Getting ready to jump in

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Finally talked myself into reloading, been reading pages upon pages of info. Have made my decision on the equipment end of things, Hornady L-N-L. Yesterday I picked up a sierra reloading manual and now I am not as sure as I was about doing this. I guess my question is are the second thoughts I'm having normal and will all this info make sense once I get rolling. I am a mechanic and truck driver by trade and not afraid to tear into anything on a truck or an engine of any kind, but this has me concerned.

Thanks
 
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I had the same trepidations even though I have reloaded with my brother. I took the GOAL class given by EddieCoyle (Jim). It was excellent. I am working on getting a bench to set up my stuff. Tumbling Brass as we speak. :) I would suggest you take the class from GOAL. Answers a lot of questions. Lays out safety rules and explains how to reload very clearly.

Much better than a book!
 
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If none of the info is making sense you might look into a class, I know a few members here offer one on their own or through local clubs. I just got setup with a LNL AP and have been turning out my own 40SW rounds without too much trouble, but I read a ton on the forums and watched a metric ton of YouTube videos on the subject before I ever even ordered the press. The LNL comes with a DVD that goes from opening the box to making finished rounds and all of those vids are available on Youtube. for me everything was straight forward EXCEPT for the crimp, that part seemed a bit of voodoo science or a bit of an art; and it took a dozen or so dummy rounds to get right but I got it squared away.

of course now that I'm looking into loading match grade .308WIN rounds for my AR10 I feel like you're feeling all over again!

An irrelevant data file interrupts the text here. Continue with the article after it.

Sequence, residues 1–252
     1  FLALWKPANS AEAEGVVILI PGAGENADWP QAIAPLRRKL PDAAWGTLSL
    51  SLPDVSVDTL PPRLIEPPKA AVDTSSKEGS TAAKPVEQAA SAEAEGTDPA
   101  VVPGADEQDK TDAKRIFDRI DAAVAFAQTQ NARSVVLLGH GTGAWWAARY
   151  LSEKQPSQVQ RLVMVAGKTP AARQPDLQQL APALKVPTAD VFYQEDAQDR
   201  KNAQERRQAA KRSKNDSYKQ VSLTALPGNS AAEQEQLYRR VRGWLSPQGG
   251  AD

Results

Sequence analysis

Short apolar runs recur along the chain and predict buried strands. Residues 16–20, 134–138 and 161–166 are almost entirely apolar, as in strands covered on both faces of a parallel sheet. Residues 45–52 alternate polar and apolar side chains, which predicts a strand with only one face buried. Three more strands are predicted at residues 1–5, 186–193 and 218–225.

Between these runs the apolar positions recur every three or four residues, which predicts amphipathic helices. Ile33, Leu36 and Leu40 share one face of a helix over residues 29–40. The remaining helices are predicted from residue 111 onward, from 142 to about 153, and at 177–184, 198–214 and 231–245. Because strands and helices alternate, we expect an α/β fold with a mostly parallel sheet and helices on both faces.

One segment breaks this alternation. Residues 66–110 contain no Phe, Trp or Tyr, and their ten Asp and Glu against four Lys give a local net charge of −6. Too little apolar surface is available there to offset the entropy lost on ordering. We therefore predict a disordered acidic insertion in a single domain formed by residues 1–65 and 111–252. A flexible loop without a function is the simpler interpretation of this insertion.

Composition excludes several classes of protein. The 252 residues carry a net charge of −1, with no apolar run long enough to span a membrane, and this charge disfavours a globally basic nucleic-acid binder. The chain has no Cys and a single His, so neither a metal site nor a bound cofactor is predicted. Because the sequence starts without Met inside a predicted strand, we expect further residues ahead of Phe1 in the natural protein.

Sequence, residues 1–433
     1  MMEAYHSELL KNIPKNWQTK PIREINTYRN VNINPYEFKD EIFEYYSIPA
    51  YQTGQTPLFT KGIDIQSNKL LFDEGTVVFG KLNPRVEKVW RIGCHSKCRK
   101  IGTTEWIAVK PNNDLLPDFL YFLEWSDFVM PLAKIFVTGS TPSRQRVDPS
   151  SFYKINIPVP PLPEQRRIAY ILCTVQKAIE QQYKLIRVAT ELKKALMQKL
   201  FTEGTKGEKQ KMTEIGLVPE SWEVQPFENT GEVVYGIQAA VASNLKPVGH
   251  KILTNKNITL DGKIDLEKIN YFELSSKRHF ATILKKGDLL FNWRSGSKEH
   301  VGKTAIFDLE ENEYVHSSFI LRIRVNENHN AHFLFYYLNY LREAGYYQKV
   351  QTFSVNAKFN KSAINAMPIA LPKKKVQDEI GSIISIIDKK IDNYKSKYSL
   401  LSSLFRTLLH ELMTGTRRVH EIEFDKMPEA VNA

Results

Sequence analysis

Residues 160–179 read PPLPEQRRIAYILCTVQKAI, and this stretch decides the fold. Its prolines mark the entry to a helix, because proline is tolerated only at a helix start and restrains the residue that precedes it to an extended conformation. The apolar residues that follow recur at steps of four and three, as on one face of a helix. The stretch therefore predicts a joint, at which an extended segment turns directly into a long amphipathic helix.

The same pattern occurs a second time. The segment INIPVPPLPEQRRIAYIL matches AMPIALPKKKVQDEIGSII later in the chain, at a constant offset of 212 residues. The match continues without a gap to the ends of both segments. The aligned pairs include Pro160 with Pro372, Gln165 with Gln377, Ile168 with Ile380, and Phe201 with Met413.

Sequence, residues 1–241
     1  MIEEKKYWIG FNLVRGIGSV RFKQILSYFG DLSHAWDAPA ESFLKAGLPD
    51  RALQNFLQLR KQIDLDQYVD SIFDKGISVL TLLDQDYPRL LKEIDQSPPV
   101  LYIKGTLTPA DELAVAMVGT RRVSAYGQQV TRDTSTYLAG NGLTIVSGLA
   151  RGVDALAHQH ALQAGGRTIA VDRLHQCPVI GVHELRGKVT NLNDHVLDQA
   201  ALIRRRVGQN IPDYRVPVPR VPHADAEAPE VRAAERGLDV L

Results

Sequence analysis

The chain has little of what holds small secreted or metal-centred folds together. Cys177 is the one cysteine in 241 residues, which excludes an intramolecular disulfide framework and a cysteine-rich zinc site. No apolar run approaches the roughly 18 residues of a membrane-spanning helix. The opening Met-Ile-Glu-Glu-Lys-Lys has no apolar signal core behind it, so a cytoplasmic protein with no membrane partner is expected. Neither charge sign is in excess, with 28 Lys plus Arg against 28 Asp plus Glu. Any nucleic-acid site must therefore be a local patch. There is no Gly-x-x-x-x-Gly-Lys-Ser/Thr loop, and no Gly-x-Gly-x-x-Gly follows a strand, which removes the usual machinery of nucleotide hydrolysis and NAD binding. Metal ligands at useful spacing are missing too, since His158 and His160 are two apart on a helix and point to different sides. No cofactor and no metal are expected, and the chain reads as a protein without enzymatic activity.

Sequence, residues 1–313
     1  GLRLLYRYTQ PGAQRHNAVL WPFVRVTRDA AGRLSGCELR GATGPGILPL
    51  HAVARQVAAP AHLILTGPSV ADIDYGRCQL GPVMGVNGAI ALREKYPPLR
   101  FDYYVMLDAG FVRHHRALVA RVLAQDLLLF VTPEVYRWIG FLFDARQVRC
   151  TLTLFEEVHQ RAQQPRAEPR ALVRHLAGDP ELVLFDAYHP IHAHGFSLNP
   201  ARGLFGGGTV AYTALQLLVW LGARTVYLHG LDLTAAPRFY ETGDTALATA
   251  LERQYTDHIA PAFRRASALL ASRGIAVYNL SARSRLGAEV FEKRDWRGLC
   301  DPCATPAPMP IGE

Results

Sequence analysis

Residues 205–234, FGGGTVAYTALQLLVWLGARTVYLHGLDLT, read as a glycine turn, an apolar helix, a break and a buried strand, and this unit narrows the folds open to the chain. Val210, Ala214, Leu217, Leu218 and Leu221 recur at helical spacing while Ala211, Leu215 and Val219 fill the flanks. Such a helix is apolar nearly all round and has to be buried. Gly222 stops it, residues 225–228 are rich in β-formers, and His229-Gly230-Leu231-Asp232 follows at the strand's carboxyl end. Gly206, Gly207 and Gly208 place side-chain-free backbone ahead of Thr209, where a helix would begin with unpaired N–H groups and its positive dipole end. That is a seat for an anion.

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The class DukeinMaine teaches is an all day, 9 hour class from start to finish including making ~50-60 rounds of ammo and test firing. It's well worth the money. He also limits it to no more than 3 (preferably 2) students so it's basically you getting his undivided attention all day.
 
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I have recently started looking into reloading too, and it seems like the more I do the more intimidated I become. So I am right there with you. I think I will hold off for a bit till we buy a house right now i dont really have the space for the equipment (not even a spare closet) but good luck I intend to take a class i learn better hands on than from a book.
 

Dirtypacman

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As others have suggested attending a class is a great intro and makes you feel much more comfortable when just starting out.
I took the one at KTP but as others have suggested there is members here that do a incredible job at getting you familiar.
Enjoy and be safe.
 

mac1911

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just follow the directions from your reload data book, press manual, die instructions. If you can follow directions and head the warnings its really not hard to do. There are many out there to help. I would take a class if you dont feal 100% about doing it yourself.
Just stop at any point you do not know 100% call or email the manufactures of the presses,dies,powder ect ect. They have been more than helpful to me.
Theres also many videos out there that may help
you tube has many many vidoes good or bad, theres tons
theres a few right here on nes stickies in reloading section.

I took the 6 or 8 months of saveing to look over and search many reloading websites,forums,videos I could find. I also went to my libray and found some older reloading books. they had a lyman,abcs of reloading, and another one that I cant remember but was for reloading cartridges for black powder.